I’ve been looking over the press releases issued by, of course, the government. What a bunch of b.s… A cover up already. “They” are saying he left for “personnel reasons.” It’s disgusting.
Dean is being paid while on leave and no one will ever know the truth. I used to work in the Detroit Regional Office, Grade 12, – I know what I’m talking about.”
MyTwoCensus.com is currently investigating the information listed above and we hope to have some facts
H/t to KVUE for the following (Click HERE for the full report):
AUSTIN — Experts say an attempt at engaging Hispanic Texans in the 2010 Census missed the mark.Earlier this year, the Census Bureau took out ads on dozens of Capital Metro buses — aimed at increasing census participation among Spanish speakers.The ads on 28 buses attempted to translate from English into Spanish the census slogan “It’s in our hands.” The original ad translated “our hands” as “nuestros manos;” the proper translation is “nuestras manos.”“If you use ‘she’ and you mean really ‘he’, the ‘he’ will be very confused and the ‘she’ won’t understand what’s going on. It’s the same way. That one letter means so much,” said Olga Pechnenko-Kopp, whose company translates for Fortune-500 companies around the world. “When you make a mistake like that, it’s all people see.”A Cap Metro spokesperson said the mistaken ad was provided by the Census Bureau and corrected within a week. Total cost of the correction was less than $100. While the monetary cost of the mistake may have been minute, experts say the intangible cost could be far greater.“This isn’t the first time this has happened, there have been instances in which it has impacted brands in the long term because that first, initial impression was so negative for that person,” said Gabriel García, creative director at Austin-based Latinworks. The firm helps companies target their messages to Hispanic consumers.
“The U.S. government reported spending $22.7 million on such promotional products as part of a major awareness campaign, according to the Advertising Specialty Institute.”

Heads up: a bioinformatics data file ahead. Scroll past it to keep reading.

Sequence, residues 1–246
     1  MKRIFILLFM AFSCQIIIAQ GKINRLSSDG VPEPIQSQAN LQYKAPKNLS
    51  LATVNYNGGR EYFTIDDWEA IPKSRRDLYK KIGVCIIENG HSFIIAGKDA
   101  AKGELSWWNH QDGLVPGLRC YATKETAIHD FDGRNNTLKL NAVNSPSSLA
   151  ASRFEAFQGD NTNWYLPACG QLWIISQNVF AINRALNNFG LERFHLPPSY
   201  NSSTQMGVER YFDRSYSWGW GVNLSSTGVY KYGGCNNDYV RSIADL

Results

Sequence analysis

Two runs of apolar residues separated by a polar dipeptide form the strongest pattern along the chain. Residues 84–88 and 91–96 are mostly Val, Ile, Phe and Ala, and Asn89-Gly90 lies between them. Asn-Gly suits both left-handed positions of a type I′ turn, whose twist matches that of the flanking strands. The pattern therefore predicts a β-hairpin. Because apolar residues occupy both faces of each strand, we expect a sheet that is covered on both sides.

Read the full story here at Promo Magazine.
Yesterday, MyTwoCensus.com reported that 2010 Census workers from Colorado have arrived in New York to assist with operations. Each of these employees is put up at a hotel and paid a per diem rate. (I’ve heard that Hilton Hotels are being used for this purpose — which isn’t surprising since Census Bureau officials are known to stay at Ritz Carleton Hotels while on government business).
Michael C. Cook of the Census Bureau’s Public Information Office wrote to me yesterday, “When we assess that a particular office is either not following procedures or has weak management we often make staffing changes, or even send in experienced managers to help improve operations and re-train the temporary staff.” So the Census Bureau is saying that nobody in New York, a city of 8 million people, is capable of handling these procedures? (Two sources have confirmed to me that one manager clerk from Washington DC is even being put up in New York’s Battery Park in a $4,500 per month apartment on your dime.)
The federal government outlines hotel and per diem rates for New York quite clearly. This means that in addition to their salaries as Census Bureau employees, each individual is spending up to $411 per day, not including flights or other expenditures, merely to eat and sleep in New York. This isn’t the first time this has occurred. During the address canvassing stage of 2010 Census operations, the Census Bureau sent in workers from North Carolina to assist with efforts in New York. Such wasteful incidents have also occurred with workers from Georgia being sent to Florida and workers from Texas being sent to Louisiana. With unemployment hovering around 10% and the Census Bureau’s admission that it had four times as many applicants as it did positions open, can this type of spending on transportation, hotels, and per diems be justified? Absolutely not.
MyTwoCensus Editorial: Fingerprinting changes are long overdue because the media failed to report on the potential problemsThursday, June 3rd, 2010
For nearly a year, MyTwoCensus.com was the only media outlet reporting about the problems that the Census Bureau faced in terms of fingerprinting the 1.4 million people who were set to work for the 2010 Census. And we continue that fight today.